The Debate About Medical Marijuana Continues

Marijuana is also known by the names marijuana, grass, and weed, but its scientific name is cannabis. It comes from the Cannabis sativa plant’s leaves and flowers. Marijuana is illegal in the United States and many other countries, and cultivating it is an offence punishable by statute. Marijuana is listed as Schedule I by the FDA, which means it has a high potential for abuse and no established medicinal benefit. Several studies have claimed that certain substances contained in marijuana have medicinal value, especially in terminal diseases like cancer and AIDS. This sparked a heated discussion about the benefits and drawbacks of using medical marijuana. To resolve the controversy, the Institute of Medicine issued the popular Marijuana and Medicine: Assessing the Science Base study in 1999. The report was detailed, but it did not include a straightforward yes or no response. Parts of the study are often cited by opposing sides of the medical marijuana debate in their lobbying claims. Despite the fact that the study explained a lot of things, it never put an end to the debate. Get the facts about Missouri Green Team – Medical Marijuana Doctors & Recommendations see this.

Let’s take a look at the reasons for medical marijuana legalisation.

(1) Marijuana is a naturally occurring herb that has been used as a herbal medicine for centuries from South America to Asia. A naturally occurring weed like marijuana could be more attractive to customers and safer for them than prescription drugs in this day and age, where both natural and organic are key health buzzwords.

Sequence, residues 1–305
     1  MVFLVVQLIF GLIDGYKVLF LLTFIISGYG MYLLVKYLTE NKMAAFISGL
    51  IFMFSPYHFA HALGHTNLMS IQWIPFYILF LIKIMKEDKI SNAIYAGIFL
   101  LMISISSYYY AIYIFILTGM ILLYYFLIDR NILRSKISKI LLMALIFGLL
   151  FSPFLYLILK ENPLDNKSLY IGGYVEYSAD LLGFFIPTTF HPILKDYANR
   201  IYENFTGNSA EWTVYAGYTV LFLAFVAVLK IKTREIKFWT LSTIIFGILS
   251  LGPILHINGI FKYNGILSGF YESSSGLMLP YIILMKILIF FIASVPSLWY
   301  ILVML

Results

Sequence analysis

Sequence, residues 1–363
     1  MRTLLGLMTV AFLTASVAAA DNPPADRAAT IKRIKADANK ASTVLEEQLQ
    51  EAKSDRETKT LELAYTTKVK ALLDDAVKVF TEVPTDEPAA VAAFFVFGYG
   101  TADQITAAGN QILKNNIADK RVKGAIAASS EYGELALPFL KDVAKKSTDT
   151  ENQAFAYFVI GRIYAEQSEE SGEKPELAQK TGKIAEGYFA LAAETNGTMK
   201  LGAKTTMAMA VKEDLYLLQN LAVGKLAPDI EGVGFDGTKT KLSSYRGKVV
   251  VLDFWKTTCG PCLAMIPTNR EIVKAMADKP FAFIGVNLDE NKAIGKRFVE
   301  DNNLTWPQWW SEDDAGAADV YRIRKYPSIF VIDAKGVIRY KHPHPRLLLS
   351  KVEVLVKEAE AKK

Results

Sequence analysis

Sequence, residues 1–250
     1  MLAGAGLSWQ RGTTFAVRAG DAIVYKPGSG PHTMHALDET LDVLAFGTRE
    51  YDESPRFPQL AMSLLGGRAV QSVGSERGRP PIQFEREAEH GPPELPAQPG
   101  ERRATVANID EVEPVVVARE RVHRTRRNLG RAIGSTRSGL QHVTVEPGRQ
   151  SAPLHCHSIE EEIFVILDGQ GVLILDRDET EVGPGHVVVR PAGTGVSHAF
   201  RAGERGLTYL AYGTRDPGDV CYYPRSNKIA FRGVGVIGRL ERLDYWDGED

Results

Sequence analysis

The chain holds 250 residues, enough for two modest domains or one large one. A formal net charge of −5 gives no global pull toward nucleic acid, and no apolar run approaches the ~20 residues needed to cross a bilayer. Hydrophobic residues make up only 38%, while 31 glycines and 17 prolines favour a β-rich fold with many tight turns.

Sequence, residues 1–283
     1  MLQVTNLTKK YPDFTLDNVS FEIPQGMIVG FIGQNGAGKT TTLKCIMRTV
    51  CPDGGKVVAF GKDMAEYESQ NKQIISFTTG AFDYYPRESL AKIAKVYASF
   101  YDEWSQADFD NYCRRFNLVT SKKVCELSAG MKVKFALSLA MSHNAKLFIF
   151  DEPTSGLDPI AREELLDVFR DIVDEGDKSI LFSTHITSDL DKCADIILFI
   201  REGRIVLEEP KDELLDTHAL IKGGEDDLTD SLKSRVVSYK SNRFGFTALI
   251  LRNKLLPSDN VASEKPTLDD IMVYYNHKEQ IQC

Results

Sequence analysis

(2) Medical marijuana has a lot of promise. Several studies have found that cannabis can be used as an analgesic, for example, to relieve pain, as outlined in the IOM study. THC, a portion of marijuana, has been shown to be effective in treating chronic pain in cancer patients in a few studies. However, research into acute pain, such as that endured during surgery or trauma, has yielded mixed results. Some marijuana components have antiemetic properties, according to a few studies summarised in the IOM study, and are therefore effective against nausea and vomiting, which are typical side effects of cancer chemotherapy and radiation therapy. Some scientists believe that cannabis has therapeutic potential in the treatment of neurological disorders like multiple sclerosis. Marijuana extracts contain compounds that have high therapeutic potential. Cannabis’ key ingredient, cannabidiol (CBD), has been shown to have antipsychotic, anticancer, and antioxidant properties. High intraocular pressure (IOP), a significant risk factor for glaucoma, has been shown to be avoided by other cannabinoids. The US FDA has licenced drugs that contain active ingredients found in marijuana but were created synthetically in the lab, such as Marinol, an antiemetic drug used to treat nausea and vomiting caused by cancer chemotherapy. Dronabinol, a synthetic delta-9-tetrahydrocannabinol, is the active ingredient (THC).

(3) The Marijuana Policy Project (MPP), based in the United States, is one of the most vocal supporters of medical marijuana. Many medical professional associations and organisations have come out in favour of the bill. In a 2008 position paper, the American College of Physicians, for example, called for a re-evaluation of marijuana’s Schedule I classification. ACP also supports studies into marijuana’s medicinal potential, as well as exempting doctors who prescribe or dispense medical marijuana in compliance with state legislation from federal criminal prosecution, civil liability, or professional sanctions. Patients who use medical marijuana as allowed by state legislation should also be protected from criminal or civil penalties.

(4) Medical marijuana is legal in many developing countries, leading to the argument that if they can do it, so can we. is an additional high point. Canada, Belgium, Austria, the Netherlands, the United Kingdom, Spain, Israel, and Finland are among the countries that have approved medical marijuana under strict prescription regulation.